MAME 0.231, our April release, is out now! The Yamaha FM synthesis rewrite is progressing, with the OPL family (including YM2413, YM3526, YM3812, YMF262 and Y8950) done this month. A number of regressions reported against the previous release have also been fixed. Most things should be improved, but if you notice something wrong with a system using one of these chips, be sure to let us know. Warp-1, a very rare Sun Electronics game from the late ’70s, has been added this month. This is an early example of an “into the screen” space shooter.
For as long as it has been emulated, the “3D” stages in Contra have been too easy. This comes down to the functionality of the Konami 007452 chip, which Konami calls a VRC&DMP. Now we know that VRC stands for Virtual ROM Controller, and controls ROM banking. However, the DMP part has been more of a mystery, assumed to be some kind of protection. This month, furrtek worked out that it’s apparently some kind of Divide/Multiply Processor, for 16-bit maths operations that would be unacceptably slow on the games’s pair of 6809-family CPUs. The great news is the game now runs correctly, the bad news is you’ll probably die a lot more.
David “Haze” Haywood is back this month with fixes for several arcade games that have never been quite right. He’s fixed graphical priority issues in SNK’s Beast Busters and Mechanized Attack, improved timing in Seibu Kaihatsu’s Shot Rider, and corrected layer offsets in Mitchell’s Funky Jet. He also added support for a couple of protected Mega Drive bootleg games from Argentina. Recently, David has been streaming MAME gaming sessions, often highlighting under-appreciated games. You can watch the recorded streams on his YouTube channel. Still on the topic of things that have never been right, sasuke has been busy this month. He’s improved the Nichibutsu 1412M2 DAC playback rate and timer period calculation, most noticeable on the Mighty Guy soundtrack, and made Taito’s unicycling game Cycle Maabou playable.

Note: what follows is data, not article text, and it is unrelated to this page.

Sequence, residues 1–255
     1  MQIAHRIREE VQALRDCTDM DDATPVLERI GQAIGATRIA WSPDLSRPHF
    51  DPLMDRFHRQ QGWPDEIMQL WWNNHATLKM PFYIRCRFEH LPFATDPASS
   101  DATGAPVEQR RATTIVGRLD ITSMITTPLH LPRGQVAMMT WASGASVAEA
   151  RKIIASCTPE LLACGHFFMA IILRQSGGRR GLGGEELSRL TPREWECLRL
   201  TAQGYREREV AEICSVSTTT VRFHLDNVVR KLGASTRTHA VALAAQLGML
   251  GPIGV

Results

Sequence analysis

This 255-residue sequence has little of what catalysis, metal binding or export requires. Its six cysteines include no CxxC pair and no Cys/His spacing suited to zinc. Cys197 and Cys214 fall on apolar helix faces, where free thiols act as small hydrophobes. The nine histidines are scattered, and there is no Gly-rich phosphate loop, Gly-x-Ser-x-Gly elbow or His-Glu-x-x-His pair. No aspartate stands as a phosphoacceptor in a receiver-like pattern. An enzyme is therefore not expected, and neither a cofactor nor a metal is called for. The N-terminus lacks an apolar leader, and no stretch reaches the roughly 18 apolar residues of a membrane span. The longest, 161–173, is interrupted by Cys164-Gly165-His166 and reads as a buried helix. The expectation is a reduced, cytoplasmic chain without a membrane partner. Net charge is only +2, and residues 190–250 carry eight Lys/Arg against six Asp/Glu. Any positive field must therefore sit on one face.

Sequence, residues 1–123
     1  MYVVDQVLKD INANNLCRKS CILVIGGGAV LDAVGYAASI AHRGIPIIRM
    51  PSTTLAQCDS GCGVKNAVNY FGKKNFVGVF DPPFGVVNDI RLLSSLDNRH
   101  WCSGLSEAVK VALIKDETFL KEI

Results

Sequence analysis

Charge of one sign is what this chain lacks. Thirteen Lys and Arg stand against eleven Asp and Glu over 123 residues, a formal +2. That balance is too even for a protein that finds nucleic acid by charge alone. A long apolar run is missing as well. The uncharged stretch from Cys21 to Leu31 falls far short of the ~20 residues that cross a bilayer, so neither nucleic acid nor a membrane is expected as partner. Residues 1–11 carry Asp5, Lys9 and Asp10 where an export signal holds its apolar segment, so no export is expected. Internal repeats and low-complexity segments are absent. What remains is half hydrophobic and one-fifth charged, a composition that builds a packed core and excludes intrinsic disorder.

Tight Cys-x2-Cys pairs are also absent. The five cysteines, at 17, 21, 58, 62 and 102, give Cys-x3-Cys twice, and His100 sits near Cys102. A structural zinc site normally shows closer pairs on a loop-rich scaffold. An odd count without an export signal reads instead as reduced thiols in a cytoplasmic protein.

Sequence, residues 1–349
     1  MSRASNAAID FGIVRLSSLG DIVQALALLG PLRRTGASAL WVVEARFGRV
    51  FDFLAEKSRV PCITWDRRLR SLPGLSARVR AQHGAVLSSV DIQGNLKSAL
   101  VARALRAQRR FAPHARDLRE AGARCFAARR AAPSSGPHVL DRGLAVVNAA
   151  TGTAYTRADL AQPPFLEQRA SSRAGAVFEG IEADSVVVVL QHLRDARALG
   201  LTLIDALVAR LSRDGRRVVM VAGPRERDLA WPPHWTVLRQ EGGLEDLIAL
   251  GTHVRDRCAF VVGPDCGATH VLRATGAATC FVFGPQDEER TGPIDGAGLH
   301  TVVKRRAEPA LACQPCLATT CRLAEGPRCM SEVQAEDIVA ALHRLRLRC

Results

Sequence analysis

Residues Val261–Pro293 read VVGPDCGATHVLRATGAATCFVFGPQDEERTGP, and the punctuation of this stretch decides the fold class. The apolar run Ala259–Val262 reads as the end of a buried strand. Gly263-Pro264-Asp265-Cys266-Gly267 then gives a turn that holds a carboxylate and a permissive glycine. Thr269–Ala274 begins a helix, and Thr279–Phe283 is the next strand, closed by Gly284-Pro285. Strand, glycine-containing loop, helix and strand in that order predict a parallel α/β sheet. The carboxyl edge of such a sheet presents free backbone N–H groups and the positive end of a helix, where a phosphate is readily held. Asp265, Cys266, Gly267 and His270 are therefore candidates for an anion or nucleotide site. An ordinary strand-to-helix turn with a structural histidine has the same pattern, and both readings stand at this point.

That’s all we’ve got time for here, but you can read about all the additions, bug fixes, and enhancements in the whatsnew.txt file. As always, the source and 64-bit Windows binary packages are available from the download page.